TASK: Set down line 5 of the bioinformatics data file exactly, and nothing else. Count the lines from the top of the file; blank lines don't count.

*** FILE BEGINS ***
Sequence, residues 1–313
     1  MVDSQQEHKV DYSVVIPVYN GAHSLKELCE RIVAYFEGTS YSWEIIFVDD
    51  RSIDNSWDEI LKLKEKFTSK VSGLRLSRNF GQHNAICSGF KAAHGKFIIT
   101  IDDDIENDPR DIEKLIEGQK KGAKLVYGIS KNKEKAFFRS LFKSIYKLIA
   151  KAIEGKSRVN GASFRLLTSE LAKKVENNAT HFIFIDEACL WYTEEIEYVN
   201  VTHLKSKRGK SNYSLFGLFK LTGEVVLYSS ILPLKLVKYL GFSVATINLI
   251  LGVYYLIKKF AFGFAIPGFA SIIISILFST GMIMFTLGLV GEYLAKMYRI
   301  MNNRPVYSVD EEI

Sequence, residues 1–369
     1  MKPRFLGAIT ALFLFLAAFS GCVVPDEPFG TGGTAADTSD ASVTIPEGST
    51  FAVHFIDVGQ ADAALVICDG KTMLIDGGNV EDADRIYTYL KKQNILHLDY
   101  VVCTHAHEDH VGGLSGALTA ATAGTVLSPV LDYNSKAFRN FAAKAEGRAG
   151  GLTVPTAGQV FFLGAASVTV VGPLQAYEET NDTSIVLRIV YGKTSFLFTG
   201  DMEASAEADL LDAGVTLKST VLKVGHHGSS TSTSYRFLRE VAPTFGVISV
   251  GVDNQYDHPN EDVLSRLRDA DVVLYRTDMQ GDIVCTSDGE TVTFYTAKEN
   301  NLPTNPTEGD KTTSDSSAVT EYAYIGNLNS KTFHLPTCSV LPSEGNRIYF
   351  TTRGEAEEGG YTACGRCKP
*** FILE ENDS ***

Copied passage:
   151  KAIEGKSRVN GASFRLLTSE LAKKVENNAT HFIFIDEACL WYTEEIEYVN